The important thing to remember is that the timing of judging “offside position” is different from the timing of judging participation. And this is true in any direction the players move. An offside player who comes back onside to receive the ball is still offside; to avoid the call, he cannot participate until another teammate touches the ball, or his opponents manage to pick it up. On the other hand, a player who is in play will stay in play, no matter how far he runs to get it back, and no matter where the other team’s players move to in the meantime. So if Steve is on the line when Tom kicks the ball forward, it doesn’t matter if he’s twenty yards behind the defense when he picks up the ball. The play will be onside … because he was onside at the time his teammate passed the ball. And if Steve is on play… but Frank is offside… then an alert umpire will wait to see which one of them moves after the ball, because if Frank steps out of the play and lets Steve pick it up, then play can continue because there is no offside violation.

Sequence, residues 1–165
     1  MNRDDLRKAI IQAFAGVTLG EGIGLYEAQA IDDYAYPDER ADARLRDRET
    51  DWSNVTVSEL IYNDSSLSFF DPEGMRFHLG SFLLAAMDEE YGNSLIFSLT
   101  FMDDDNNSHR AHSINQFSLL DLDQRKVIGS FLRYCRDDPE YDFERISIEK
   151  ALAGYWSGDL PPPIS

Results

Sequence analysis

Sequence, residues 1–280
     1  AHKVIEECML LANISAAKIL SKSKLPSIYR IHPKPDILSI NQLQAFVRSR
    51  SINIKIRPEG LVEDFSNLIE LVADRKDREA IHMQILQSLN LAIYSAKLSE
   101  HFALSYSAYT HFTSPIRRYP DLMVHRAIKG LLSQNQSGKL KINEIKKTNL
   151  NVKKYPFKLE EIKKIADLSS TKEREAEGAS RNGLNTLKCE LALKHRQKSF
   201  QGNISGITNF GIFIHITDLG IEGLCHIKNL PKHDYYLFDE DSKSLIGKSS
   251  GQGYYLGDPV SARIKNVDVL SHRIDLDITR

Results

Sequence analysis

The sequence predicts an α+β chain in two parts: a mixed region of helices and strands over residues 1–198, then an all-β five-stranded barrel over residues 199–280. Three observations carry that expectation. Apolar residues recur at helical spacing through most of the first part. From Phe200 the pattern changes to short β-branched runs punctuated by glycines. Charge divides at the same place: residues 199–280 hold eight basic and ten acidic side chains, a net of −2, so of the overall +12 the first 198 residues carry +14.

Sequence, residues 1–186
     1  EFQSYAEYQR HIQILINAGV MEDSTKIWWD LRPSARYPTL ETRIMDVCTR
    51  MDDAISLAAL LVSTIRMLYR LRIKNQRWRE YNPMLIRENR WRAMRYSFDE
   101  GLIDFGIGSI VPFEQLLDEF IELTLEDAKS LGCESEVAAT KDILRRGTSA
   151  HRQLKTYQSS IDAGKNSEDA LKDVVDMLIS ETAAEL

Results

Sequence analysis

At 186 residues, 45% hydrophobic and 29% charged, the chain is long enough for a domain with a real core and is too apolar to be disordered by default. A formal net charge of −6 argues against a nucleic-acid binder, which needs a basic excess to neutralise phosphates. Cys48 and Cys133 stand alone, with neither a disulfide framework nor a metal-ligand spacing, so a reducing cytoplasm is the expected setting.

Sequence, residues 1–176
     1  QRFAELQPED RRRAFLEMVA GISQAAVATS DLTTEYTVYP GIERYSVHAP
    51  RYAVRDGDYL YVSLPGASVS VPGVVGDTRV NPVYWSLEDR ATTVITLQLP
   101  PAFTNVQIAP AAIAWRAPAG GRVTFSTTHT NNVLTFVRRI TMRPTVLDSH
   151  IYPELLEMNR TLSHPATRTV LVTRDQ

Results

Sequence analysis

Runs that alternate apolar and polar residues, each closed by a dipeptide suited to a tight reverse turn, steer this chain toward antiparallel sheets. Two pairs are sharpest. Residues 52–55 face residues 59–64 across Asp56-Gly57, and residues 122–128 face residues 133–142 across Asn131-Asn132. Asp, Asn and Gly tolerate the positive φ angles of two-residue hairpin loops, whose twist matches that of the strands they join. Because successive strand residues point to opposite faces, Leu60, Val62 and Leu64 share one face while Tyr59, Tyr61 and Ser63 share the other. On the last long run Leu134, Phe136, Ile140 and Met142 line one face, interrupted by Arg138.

Soccer and offside referees

The offside rule has been a part of football for a long time, generating discussions and controversies since its inception. But its purpose is simple: to prevent “cherry picking.” Since it is an important part of the game, the referees will enforce the rule to the best of their ability. But when they rule a play offside, or let the play continue, because they didn’t see any fouls, they don’t do it out of spite or to hurt one team or the other. Rather, they do so regardless of which team it hurts or benefits, simply because the rules require it.